This post continues my Grand Dames of Crime series exploring some of the best women crime writers from history.

American mystery writer Dorothy Salisbury Davis (1916-2014) was born in Chicago and adopted out to a tenant dairy farmer and his Irish immigrant wife. Davis grew up in Illinois and Wisconsin, only finding out she was adopted in adulthood. She studied English and History, graduated in 1938 in the middle of the Great Depression and secured a job as a magician’s assistant, an experience that emerged in her novels which often included a seedy magician. Eventually she moved on from magic after finding a job in public relations and become a magazine editor. She married character actor Harry Davis (The Fortune Cookie, America America) in 1946 and they moved to New York where she began to write.

We reveal more of ourselves in the lies we tell than we do when we try to tell the truth.

A Death in the Life

Her first novel, the Judas Cat was published in 1949. The story opens with the mysterious death of a recluse in a small town, his bloody demise witnessed only by his cat. Davis often murdered people and animals in the first pages of her books, but her tautly crafted stories generally contained little violence otherwise, though they were not cosy mysteries. The author relied on plots driven by psychological suspense and portrayed complex characters and strong women.

Flattery makes fools of the best of us

A Death in the Life

A Gentle Murderer, Davis’s third novel published in 1951 was selected to be included in the Haycraft-Queen Cornerstones of Crime as one the 125 best mysteries ever written. She was nominated eight times for the renowned Edgar Award for best novel, and served as the president of the Mystery Writers of America in 1956. In 1985 Davis was awarded the Mystery Writers of America Grand Master award for her body of work, and was one of the founding members of Sisters in Crime along with Sara Paretsky in 1987, an organisation dedicated to supporting women who write crime fiction. In 1989, she earned the Lifetime Achievement Award at Bouchercon, and in 1994, Malice Domestic named her their Guest of Honor.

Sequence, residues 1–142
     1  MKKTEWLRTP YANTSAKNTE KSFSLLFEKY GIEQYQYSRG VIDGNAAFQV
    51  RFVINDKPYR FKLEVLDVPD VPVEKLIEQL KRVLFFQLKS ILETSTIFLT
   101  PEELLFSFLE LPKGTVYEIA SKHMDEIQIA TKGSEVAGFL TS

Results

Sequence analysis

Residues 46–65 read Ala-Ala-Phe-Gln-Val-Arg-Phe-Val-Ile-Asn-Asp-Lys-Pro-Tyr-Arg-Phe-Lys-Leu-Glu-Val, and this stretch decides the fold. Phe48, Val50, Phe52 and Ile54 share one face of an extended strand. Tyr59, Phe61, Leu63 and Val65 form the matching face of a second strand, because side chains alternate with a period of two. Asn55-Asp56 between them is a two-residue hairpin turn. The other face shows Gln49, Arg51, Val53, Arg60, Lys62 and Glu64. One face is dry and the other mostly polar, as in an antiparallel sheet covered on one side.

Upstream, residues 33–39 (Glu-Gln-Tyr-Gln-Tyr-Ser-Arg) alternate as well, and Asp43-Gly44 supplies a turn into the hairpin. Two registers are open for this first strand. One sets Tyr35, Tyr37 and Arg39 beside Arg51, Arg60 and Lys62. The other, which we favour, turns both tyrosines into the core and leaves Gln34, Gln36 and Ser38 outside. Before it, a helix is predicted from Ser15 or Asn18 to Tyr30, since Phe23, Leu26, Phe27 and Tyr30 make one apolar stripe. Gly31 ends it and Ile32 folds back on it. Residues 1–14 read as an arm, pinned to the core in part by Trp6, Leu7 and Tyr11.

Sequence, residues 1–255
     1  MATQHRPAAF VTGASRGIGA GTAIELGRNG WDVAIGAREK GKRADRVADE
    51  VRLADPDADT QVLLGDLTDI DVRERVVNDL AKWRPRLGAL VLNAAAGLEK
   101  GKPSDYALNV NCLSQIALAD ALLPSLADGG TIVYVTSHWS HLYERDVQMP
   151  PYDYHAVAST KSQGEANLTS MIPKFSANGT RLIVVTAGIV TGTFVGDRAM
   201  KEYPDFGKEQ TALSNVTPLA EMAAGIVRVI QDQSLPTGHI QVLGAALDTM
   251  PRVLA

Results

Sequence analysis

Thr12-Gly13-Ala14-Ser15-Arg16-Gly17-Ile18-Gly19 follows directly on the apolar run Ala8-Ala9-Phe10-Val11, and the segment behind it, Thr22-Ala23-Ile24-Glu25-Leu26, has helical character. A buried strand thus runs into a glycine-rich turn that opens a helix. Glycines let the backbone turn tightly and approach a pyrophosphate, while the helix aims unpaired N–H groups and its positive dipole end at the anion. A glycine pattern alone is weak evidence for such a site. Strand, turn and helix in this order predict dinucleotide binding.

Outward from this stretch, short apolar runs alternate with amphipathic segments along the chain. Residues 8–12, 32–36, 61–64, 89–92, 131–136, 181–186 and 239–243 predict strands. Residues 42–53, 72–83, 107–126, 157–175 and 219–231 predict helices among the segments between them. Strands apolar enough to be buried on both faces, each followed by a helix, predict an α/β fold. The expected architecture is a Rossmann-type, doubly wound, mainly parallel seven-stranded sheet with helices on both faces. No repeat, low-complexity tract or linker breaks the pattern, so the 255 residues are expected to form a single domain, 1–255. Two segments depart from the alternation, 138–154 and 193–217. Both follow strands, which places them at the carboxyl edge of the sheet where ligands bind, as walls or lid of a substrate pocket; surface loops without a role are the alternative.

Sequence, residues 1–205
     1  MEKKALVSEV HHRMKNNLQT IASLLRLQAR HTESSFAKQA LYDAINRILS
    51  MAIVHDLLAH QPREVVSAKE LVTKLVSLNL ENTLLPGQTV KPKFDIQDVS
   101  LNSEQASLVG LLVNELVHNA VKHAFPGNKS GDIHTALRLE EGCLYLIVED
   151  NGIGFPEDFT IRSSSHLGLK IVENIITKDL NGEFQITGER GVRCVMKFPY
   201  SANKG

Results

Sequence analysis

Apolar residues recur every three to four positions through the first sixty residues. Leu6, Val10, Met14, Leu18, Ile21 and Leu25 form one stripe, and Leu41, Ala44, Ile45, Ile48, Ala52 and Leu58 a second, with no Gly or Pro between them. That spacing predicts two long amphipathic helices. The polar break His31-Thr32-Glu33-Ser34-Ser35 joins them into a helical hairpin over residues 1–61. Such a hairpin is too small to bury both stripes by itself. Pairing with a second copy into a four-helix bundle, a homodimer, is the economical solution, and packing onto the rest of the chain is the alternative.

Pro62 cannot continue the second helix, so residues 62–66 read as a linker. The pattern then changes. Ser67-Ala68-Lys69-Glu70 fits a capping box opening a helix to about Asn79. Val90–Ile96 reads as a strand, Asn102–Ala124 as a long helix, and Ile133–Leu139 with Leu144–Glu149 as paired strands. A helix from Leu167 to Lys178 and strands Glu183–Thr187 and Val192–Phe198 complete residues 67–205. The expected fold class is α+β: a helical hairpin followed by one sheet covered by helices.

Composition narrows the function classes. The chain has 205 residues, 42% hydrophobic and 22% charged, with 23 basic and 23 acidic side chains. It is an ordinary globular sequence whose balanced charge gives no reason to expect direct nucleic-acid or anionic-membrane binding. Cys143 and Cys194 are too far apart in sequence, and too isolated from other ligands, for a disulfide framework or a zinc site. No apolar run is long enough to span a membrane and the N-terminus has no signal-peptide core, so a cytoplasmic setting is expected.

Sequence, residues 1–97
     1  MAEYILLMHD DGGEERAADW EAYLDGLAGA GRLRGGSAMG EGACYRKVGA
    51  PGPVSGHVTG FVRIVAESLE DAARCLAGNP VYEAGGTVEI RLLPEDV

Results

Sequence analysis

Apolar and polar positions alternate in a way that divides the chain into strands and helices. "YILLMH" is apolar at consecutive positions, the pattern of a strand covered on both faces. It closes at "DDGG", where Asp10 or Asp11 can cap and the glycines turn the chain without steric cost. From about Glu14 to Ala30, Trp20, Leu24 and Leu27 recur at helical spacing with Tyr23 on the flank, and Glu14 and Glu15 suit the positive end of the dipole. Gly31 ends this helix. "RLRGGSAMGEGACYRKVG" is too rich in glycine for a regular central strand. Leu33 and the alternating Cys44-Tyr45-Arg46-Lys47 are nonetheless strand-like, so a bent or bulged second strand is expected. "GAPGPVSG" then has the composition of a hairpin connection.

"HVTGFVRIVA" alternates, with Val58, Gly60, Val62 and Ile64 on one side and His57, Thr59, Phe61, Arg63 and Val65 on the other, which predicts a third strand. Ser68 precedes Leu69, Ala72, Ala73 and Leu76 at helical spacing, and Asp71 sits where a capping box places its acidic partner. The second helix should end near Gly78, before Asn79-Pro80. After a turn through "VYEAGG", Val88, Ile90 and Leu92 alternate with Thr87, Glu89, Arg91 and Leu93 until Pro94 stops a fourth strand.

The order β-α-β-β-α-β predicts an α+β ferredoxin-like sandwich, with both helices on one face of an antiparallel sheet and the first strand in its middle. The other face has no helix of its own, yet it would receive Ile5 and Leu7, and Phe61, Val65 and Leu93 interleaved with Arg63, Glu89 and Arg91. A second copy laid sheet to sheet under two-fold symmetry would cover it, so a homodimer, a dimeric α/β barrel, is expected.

Davis wrote twenty novels and more than thirty short stories during her five decade career. Apart from the Mrs Norris series (three books) and the Julie Hayes mysteries (four books), Davis novels were stand alone, which along with her mysteries containing little violence made her unusual in the world of crime fiction. Most of her work was in the mystery genre, though she also wrote a number of historical fiction novels including Men of No Property (1956), set in Ireland during the potato famine, The Evening of the Good Samaritan (1962) set during and after the Second World War, and God Speed Night (1968), a suspense about Nazi resistance during the second world war.

Beware of feelings, Father. They are the biggest liars in us. They make truth what we want it to be.

Where the Dark Streets Go

After her husband Harry died in 1993, Davis stopped writing novels but continued to produce short stories. The last one titled Emily was written when she was 91 for the 2009 Mystery Writers of America anthology to celebrate the 200th anniversary of the birth of Edgar Allan Poe. In 2013, the year before her death, Open Road Media reprinted twenty two of her novels including her most commercially successful novel A Gentle Murderer, first published in 1951 about the psychological disintegration of the young murderer of women. Davis died in 2014 aged 98.